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The Orcherd of Syon, Titus and Vespasian, and Lydgate’s Siege of Thebes

influenced by the organization of a particular literary form. Similarly, Jeffrey Knight argues that textual composition is related to the materiality of printing only through the choices made by writers to respond to the material form of printing, in Bound to read: compilations, collections, and the making of Renaissance literature (Philadelphia: University of Pennsylvania Press, 2013).  5 See Martin Foys, Virtually Anglo-Saxon: old media, new media, and early medieval studies in the late age of print (Gainesville: University Press of Florida, 2007), particularly the

in Participatory reading in late-medieval England
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Thomas of Erceldoune’s prophecy, Eleanor Hull’s Commentary on the penitential Psalms, and Thomas Norton’s Ordinal of alchemy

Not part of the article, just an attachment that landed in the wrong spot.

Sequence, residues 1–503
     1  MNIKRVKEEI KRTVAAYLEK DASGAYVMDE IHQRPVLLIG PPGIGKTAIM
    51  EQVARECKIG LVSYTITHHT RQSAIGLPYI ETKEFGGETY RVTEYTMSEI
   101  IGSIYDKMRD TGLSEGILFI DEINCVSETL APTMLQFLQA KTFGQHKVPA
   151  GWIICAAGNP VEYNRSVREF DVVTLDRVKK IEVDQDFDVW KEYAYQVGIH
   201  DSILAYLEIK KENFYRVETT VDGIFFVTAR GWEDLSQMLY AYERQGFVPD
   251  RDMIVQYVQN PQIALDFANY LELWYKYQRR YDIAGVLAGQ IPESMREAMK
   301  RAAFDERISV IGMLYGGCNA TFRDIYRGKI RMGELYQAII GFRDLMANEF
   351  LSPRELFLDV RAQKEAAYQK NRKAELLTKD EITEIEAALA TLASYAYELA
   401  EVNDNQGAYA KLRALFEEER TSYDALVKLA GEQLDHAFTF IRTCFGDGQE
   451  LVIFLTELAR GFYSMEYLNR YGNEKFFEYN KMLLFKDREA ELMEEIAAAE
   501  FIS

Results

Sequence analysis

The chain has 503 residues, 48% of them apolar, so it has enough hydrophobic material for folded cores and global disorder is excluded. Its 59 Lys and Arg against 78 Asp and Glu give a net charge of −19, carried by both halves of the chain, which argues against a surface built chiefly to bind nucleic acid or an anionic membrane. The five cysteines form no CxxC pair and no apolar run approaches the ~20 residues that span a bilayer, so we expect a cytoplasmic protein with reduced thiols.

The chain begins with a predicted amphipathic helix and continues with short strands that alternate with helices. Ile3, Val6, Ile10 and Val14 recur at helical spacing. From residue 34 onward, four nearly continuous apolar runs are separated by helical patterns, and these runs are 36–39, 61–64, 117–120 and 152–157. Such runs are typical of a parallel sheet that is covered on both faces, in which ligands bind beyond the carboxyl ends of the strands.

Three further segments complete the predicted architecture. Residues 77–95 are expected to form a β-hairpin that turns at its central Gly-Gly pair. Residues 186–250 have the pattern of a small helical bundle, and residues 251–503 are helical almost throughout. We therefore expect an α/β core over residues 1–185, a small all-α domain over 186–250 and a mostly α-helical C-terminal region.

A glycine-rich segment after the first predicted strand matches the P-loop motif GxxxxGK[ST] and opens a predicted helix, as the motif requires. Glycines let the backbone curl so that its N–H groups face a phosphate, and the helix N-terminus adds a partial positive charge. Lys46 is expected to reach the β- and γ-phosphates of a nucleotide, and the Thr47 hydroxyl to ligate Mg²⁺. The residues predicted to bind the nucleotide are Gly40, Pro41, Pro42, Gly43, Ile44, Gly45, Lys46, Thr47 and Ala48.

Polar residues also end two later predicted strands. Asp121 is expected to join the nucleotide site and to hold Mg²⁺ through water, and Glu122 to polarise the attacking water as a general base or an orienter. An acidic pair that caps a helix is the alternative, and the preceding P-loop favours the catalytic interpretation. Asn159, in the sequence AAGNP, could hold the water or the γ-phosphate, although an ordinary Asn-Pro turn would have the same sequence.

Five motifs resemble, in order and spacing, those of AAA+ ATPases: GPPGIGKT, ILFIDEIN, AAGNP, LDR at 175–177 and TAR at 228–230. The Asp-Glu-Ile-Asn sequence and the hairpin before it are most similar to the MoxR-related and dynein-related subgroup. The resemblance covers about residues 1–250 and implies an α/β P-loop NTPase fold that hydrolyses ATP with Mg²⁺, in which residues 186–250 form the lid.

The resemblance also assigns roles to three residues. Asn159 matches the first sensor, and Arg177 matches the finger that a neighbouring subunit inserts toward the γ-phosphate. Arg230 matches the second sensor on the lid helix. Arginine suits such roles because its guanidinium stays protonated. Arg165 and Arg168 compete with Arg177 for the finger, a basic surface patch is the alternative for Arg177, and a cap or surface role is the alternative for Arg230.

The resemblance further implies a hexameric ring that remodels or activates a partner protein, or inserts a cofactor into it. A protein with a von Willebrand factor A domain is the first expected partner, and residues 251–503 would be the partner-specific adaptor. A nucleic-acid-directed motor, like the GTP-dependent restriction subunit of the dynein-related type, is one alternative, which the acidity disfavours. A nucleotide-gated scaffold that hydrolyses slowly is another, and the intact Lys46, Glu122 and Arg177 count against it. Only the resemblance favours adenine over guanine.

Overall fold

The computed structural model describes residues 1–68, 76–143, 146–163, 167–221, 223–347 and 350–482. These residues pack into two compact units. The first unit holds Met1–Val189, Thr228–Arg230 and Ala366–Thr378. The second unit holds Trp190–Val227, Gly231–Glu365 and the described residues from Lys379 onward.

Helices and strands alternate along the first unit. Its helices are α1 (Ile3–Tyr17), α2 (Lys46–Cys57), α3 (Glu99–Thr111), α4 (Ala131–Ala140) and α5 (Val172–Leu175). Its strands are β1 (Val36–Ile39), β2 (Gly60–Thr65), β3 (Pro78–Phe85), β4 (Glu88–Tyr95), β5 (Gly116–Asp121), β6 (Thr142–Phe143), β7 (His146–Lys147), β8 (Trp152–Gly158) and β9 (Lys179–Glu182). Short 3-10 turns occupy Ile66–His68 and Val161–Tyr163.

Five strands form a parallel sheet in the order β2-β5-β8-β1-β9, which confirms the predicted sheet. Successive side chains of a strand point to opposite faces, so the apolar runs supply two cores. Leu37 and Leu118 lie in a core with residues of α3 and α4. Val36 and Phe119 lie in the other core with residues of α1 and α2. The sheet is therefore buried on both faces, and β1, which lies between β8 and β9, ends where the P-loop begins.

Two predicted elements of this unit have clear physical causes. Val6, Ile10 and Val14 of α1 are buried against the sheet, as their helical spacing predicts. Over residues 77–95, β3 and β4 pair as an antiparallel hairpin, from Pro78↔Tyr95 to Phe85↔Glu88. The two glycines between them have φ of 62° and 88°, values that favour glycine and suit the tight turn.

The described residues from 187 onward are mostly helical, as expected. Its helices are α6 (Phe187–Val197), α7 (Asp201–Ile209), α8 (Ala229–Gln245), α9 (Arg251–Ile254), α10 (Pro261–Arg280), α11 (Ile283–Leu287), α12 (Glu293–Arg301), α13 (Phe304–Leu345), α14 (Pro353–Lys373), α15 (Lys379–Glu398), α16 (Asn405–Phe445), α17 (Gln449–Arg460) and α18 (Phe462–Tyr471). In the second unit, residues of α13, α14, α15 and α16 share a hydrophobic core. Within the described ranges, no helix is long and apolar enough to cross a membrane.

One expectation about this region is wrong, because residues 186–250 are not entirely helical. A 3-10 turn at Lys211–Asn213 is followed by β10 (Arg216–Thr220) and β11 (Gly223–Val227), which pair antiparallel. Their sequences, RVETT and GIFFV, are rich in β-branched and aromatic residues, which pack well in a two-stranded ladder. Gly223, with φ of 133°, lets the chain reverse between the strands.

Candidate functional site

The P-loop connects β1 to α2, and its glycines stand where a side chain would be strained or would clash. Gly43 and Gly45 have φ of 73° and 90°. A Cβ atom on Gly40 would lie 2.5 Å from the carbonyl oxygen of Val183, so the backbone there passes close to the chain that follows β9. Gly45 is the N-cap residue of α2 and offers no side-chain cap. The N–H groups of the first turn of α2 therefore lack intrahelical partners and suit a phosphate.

, England and Scotland, 1286–1603 (London: Palgrave, 2016). 22 Thomas of Erceldoune’s prophecy, xxvff. 23 My use of ‘rhizomatic’ here follows development of the term in Deleuze and Guattari’s A thousand plateaus, referring to a non-hierarchical assemblage. The term has also been usefully explored in medieval studies in relation to manuscript studies, as providing an alternative to the traditional stemmatic view of manuscript relations; see Michael G. Sargent, ‘Organic and cybernetic metaphors for manuscript relations: stemma–cladogram–rhizome–cloud’, in The Pseudo

in Participatory reading in late-medieval England

and Ma’arat-an-Nu’man, gorged on the rotting corpses of the Muslim enemy. See L. A. M. Sumberg, ‘The “Tafurs” and the First Crusade’, Medieval Studies, 21 (1959), 224–46 and J. Tattersall ‘Anthropophagi and eaters of raw flesh in French literature of the Crusade period: myth, tradition and reality’, Medium Aevum, 57 (1988), 240–53. 5 The fourteenth-century Forme of Curye (compiled by Richard II’s chief cook) includes a recipe for cokantrice (Curye on Inglysch, eds Hieatt and Butler, p. 139); similar recipes are found in the fifteenth-century: Two Fifteenth

in Pulp fictions of medieval England